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Insurance? How much and what kind do i need?

Discussion in 'Business Operations' started by LAWNMAN777, Jul 14, 2004.

  1. LAWNMAN777

    LAWNMAN777 LawnSite Member
    Messages: 7

    How much insurance do I need and do I need to be bonded? What does insurance and bonding cost annually?
  2. JimLewis

    JimLewis LawnSite Fanatic
    Messages: 6,872

    First thing you'll want to determine is if you are required to have a bond and commercial liability insurance by the state for the type of work you do.

    In my state, if you are ONLY doing lawn care, you need not be bonded or insured. But if you do anything else (e.g. irrigation, new sod, retaining walls, etc.) then you DO have to get a bond and insurance, in addition to getting a license to work in these fields.

    So you'll want to brush up on your own state requirements.

    If you are not legally required to have a bond or insurance for the scope of work that you do, than the amount of the insurance and bond is more arbitrary - that is, you can determine for yourself how much you might need.

    If you are just doing lawn care, mulching, and clean-ups, you may not need a bond. A bond (or Performance Bond, as is it sometimes called) is a guarantee against poor workmanship. For instance, if a customer paid you $10,000 to install a large retaining wall. And it worked for a few months, then began falling down because you didn't build it properly - then the customer would make a claim against your bond. Your bond company would pay the cost for another Landscaper to fix the problem - or to totally re-do it. That's really the only purpose for bonds.

    Another example; suppose someone contracted with you to install an irrigation system. They gave you $3,000 as a down-payment but half-way through, it was very obvious to the customers and also you, that you were in WAY over your head. You had agreed to do something you really didn't have much expertise in and were really mucking it up. There were trenches all over the place. Pipe strung out everywhere and not glued together properly. You used the wrong kind of backflow device and didn't install it in the right place even. Etc. etc. etc. Well, maybe you'd been trying to wing it for 2 weeks and it was just painfully obvious you were just making a huge mess. So you decide to give up and just admit you can't finish the job. Well, in all of your efforts, you managed to spend the entire $3,000 they'd given you. You can't refund them their money because you've already spent (wasted) it. Well, a bond would protect the customer in this case because they'd be able to get that $3,000 back from you and give it to someone else who knew how to fix your mess and do it the right way.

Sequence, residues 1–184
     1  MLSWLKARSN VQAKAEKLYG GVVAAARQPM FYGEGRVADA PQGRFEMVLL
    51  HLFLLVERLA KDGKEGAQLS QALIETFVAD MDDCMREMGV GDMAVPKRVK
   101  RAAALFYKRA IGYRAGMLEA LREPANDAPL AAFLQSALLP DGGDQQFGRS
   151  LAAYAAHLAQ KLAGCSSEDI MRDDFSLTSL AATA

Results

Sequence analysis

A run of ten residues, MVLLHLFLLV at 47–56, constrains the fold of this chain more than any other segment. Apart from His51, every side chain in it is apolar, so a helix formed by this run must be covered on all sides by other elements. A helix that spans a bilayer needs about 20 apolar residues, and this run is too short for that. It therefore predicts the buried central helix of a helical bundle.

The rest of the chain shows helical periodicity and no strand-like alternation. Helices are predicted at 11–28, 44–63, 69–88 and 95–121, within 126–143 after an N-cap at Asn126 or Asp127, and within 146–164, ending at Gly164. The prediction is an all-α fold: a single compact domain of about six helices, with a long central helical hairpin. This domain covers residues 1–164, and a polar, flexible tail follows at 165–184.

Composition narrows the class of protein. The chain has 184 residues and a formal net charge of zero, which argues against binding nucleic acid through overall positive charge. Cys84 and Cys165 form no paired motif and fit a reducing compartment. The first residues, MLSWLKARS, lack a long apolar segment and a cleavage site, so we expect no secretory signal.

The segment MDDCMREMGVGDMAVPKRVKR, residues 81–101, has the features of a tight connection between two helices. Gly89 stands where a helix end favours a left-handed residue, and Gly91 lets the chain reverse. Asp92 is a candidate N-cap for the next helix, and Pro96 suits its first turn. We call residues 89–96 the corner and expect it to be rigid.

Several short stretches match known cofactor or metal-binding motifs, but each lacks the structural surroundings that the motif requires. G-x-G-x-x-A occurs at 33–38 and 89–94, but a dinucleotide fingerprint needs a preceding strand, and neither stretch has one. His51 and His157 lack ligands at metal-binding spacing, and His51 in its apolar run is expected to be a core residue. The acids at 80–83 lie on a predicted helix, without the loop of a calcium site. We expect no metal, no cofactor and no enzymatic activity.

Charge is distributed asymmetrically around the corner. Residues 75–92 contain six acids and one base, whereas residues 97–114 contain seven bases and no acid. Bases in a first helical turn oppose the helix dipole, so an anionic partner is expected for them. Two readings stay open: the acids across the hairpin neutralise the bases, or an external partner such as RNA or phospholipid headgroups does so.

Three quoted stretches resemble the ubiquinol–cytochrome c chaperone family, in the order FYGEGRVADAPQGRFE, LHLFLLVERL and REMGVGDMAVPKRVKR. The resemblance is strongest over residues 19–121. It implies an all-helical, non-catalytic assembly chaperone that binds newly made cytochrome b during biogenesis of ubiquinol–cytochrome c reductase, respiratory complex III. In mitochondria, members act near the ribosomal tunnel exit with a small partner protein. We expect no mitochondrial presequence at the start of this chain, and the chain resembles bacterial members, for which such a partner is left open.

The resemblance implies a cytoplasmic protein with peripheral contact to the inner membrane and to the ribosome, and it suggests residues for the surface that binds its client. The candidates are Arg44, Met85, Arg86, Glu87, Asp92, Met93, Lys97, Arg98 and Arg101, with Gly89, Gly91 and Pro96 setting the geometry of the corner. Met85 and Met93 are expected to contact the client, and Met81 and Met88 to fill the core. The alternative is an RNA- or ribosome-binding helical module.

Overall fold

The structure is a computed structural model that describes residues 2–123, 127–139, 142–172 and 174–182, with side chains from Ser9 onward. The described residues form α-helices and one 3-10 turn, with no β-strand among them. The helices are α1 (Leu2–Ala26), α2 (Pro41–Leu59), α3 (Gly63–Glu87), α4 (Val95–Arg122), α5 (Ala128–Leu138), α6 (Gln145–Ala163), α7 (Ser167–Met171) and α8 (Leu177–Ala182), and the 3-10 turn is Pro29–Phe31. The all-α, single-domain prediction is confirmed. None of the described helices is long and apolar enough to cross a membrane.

But again, if you are just doing maintenance-related services, there's little need for a bond. You can't really go against someone's bond and say, "this lawn was mowed improperly - I want you to pay for another company to come out and mow it correctly." That just wouldn't happen. There's no major problem with a lawn being mowed improperly. It's just aesthetics. Same with barkmulch, clean-ups, etc. No real reason why you'd have to call in another company to fix a maintenance problem. There's usually no impending danger from mulch being applied improperly, grass being cut sloppy, or a clean-up being done poorly.

    So you'll need to determine whether a bond even applies to what you do first.

    If you find you do want a bond, then your next step is to figure out how much of a bond you want. Our state requires a $3000 bond for general landscaping and a $10,000 if you are doing structural-related things like fences and decks too. But generally speaking the amount of the bond should be able to cover the amount of your biggest anticipated job. So if you totally screw everything up and the customer has to hire someone else to fix your screw up, the bond will cover that complete cost.

    As for insurance, it all depends again on what you do and what kinds of losses might happen. Anything is possible. Theoretically, a chunk of rock could come flying out from under your mower and strike a kid in the eye and blind him for life. But in all likelihood, the worse thing that's ever going to happen while mowing is a broken window. On the other hand, your spark arrester may not be working and you could start a fire. So how much insurance do you need???? Well, that's very arbitrary again. I've heard it said a lot that you should always carry as much insurance as you can afford - the more the better. I agree with that. If you can afford a $1,000,000 policy easily, you should probably do it. But if all you can afford is a $100,000 policy, then get that for starters. That will cover a lot.

    You asked for prices. I just renewed all of my insurances and bond for the year. So the prices are in my head. A $3,000 bond cost me about $400 for one year. $300,000 worth of commercial liability insurance cost me $2,100 for one year.

    There you are. Hopefully I helped clear some of this up a little. Sorry for the long post.
  3. Team Gopher

    Team Gopher LawnSite Platinum Member
    from -
    Messages: 4,040

    Hi Lawnman777,

    Here is some contact information for your state.

    Mailing address:
    Texas Department of Agriculture
    P.O. Box 12847
    Austin, Texas 78711
    For the hearing impaired: Relay Texas: 1-800-735-2988 (voice); 1-800-735-2989 (TDD)

    Send Questions and Comments to: contact@agr.state.tx.us


    You might want to contact them.

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